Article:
11-7-1062 2000 Clements Bridge LLC v. OfficeMax North America, Inc., U. S. Dist. Ct. (Irenas, S.U.S.D.J.) (28 pp.) In this action alleging that defendant, a tenant in the shopping center owned by plaintiff, breached the terms of the lease, in which the court has already found that defendant did breach the lease and granted summary judgment to plaintiff on that claim, plaintiff now moves for summary judgment on damages, attorney fees and legal expenses. Looking to the provisions of the parties’ lease, the court finds that plaintiff elected to re-enter, retake, and relet the property and thus, that Article 35, which limits the parties’ liability after the lease is terminated, does not apply and it grants plaintiff’s motion in part. Summary judgment is granted in favor of defendant with respect to the Commission Damages in part, Construction Allowance Damages, prelitigation attorney fees, and lease-negotiation attorney fees. Summary judgment is granted in favor of Clements Bridge in all other respects. Clements Bridge is awarded a total of $1,613,421.99, with $671,056.07 subject to the assessment of prejudgment interest at a rate of 6 percent, and $622,700.33 subject to discount to present value at a rate of 6 percent. [Filed July 23, 2013.]

15-7-1026 Safdieh v. AFNI Inc., Dist. Ct. (Wolfson, U.S.D.J.) (7 pp.) In this action alleging that AFNI violated the Fair Debt Collection Practices Act by engaging in abusive and harassing tactics when collecting a debt by telling plaintiff that satisfaction of the alleged debt would be better for his credit report, the court grants defendant’s motion to dismiss, finding that the statement alone cannot be perceived as oppressive and the complaint is devoid of any other allegations as to how defendant’s use of such a statement was unfair or unconscionable, and that the defendant’s use of such a statement does not constitute harassment or abuse. [Filed July 18, 2013.]

15-7-1040 Lomax v. Meracord LLC, Dist. Ct. (Chesler, U.S.D.J.) (9 pp.) Plaintiff, who had contracted with P&E Solutions for debt settlement services, filed this action asserting that defendant, with whom she separately contracted for payment processing services — debiting her payments to P&E from her bank account, placing the money into a trust account, and disbursing it to creditors — violated New Jersey law by acting as a debt adjuster without the required license to do so and by charging unauthorized fees and fees in excess of the amount permitted by law, in violation of the New Jersey Debt Adjustment and Credit Counseling Act, the New Jersey Consumer Fraud Act, and the New Jersey Truth in Consumer Contract, Warranty and Notice Act. The court denies defendant’s motion to stay the litigation and compel arbitration, finding that its contract with plaintiff does not contain an arbitration provision, and while the contract between plaintiff and P&E does, defendant is not entitled to compel arbitration based on that provision because it is not a signatory to that agreement and plaintiff’s legal theories, factual allegations and claims against defendant are separate and distinct from the P&E contract and P&E’s actions and plaintiff is thus not equitably estopped from resisting arbitration . [Filed July 22, 2013.]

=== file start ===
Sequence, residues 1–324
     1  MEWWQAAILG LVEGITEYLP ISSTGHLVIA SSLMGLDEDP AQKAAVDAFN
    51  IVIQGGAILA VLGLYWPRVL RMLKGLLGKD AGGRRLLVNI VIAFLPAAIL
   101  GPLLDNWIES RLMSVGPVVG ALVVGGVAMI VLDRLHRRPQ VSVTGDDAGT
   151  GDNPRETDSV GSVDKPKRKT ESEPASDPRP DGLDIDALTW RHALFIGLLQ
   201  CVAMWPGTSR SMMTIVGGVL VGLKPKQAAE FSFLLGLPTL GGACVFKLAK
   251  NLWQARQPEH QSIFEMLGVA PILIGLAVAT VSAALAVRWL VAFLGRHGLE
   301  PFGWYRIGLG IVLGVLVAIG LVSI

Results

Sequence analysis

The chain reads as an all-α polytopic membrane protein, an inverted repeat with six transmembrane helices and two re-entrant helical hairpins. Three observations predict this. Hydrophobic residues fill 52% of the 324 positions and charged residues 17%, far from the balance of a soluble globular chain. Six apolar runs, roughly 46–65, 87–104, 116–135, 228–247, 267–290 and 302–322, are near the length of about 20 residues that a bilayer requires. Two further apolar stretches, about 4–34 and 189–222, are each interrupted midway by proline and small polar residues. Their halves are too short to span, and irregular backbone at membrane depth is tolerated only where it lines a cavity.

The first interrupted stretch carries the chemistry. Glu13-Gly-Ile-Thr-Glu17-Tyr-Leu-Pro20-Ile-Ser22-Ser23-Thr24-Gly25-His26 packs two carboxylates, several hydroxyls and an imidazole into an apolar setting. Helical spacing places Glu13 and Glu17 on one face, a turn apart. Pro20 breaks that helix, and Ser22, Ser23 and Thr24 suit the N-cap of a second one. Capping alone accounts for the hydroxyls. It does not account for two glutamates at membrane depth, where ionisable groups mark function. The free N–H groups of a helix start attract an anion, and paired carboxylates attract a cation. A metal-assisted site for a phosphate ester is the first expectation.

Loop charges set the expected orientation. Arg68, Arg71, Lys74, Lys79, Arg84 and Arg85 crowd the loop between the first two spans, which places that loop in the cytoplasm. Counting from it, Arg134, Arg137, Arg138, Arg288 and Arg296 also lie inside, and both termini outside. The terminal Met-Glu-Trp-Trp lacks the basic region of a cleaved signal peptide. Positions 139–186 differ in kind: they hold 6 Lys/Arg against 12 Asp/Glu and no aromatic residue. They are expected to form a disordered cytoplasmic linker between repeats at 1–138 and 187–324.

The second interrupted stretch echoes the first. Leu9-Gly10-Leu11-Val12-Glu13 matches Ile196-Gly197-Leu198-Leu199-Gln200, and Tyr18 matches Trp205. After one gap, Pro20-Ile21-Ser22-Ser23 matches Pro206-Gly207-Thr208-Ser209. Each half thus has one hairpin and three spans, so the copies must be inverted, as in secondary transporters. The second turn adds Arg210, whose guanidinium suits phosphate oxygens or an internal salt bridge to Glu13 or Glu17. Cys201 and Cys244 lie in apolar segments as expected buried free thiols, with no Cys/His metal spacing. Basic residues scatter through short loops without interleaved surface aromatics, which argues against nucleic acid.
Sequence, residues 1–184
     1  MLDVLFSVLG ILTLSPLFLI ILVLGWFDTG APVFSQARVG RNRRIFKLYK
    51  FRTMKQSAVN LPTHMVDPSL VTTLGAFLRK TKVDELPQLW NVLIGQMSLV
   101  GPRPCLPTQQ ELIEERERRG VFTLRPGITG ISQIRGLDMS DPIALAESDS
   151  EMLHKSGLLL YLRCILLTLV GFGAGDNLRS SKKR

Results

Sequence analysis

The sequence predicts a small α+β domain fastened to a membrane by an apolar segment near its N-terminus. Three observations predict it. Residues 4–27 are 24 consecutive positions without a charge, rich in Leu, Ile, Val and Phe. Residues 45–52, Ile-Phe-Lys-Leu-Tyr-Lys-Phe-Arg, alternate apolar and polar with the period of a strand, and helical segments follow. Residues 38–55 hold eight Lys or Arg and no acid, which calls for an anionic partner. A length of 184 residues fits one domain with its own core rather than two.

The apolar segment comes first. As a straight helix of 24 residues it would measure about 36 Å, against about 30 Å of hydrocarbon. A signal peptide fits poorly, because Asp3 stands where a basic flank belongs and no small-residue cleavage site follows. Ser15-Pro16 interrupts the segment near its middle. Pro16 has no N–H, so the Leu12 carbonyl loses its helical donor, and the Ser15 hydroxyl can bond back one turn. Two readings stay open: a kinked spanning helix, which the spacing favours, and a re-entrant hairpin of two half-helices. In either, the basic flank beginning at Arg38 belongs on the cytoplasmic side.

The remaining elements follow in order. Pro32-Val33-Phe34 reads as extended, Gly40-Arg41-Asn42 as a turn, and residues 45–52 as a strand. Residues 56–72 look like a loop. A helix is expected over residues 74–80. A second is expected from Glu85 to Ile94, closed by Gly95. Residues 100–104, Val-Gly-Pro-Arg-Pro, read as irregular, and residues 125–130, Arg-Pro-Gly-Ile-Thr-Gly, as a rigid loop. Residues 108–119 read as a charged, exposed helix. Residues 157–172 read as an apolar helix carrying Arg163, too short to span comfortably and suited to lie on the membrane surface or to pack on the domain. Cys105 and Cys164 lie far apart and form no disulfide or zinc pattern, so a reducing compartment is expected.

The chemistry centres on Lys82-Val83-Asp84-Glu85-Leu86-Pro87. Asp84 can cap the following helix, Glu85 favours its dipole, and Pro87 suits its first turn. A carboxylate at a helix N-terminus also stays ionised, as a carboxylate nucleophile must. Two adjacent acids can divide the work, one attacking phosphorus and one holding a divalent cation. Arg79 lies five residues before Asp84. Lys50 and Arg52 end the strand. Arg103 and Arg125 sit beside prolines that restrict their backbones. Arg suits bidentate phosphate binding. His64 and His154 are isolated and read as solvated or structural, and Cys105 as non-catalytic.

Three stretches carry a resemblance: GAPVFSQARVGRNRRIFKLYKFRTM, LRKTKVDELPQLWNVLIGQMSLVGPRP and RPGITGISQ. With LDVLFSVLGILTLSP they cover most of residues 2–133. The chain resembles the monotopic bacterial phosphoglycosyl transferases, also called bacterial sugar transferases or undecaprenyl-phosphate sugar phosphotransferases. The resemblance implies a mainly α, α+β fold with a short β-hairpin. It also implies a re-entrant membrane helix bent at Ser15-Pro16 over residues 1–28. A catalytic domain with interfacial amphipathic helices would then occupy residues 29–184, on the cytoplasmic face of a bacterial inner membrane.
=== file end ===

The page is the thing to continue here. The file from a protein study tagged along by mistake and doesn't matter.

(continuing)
14-7-1028 J ordan v. Hastings, Dist. Ct. (Thompson, U.S.D.J.) (11 pp.) Plaintiff, a state prison inmate, alleges that he was beaten by correction officers in retaliation for his having filed a complaint against a county corrections officer while he was incarcerated in the county. The court construes the complaint as attempting to assert claims for excessive use of force in violation of the Eighth Amendment, retaliation in violation of the Fourteenth Amendment due process clause, and failure to train and supervise, and seeking injunctive relief and money damages. The court holds that the excessive force claim may proceed against several officers, that all other claims are dismissed pursuant to 28 U.S.C. sections 1915(e)(2)(B)(ii) and 1915A(b)(1) for failure to state a claim. Defendant is given leave to file an amended complaint. [Filed July 10, 2013.]

23-7-1027 The Travelers Property Casualty Company of America v. USA Container Co., Inc., Dist. Ct. (Linares, U.S.D.J.) (17 pp.) This action arises from an insurance coverage dispute between USA Container and its insurer, Travelers. At issue is whether USA Container is entitled to coverage for damages it paid to nonparty Meelunie B.V./Amsterdam as a result of a settlement reached between these entities in another litigation involving claims for breach of contract and negligence. Travelers filed a motion for summary judgment. USA Container filed a motion for partial summary judgment. As USA Container has established that it seeks coverage for “property damage” that was “caused by an occurrence,” the court holds that USA Container’s claim falls within the basic coverage provisions of the CGL Policy. Further, Travelers has not met its burden of establishing that any of the exclusions in the CGL Policy apply. Travelers’ motion is denied and USA Container’s motion is granted. [Filed July 8, 2013.]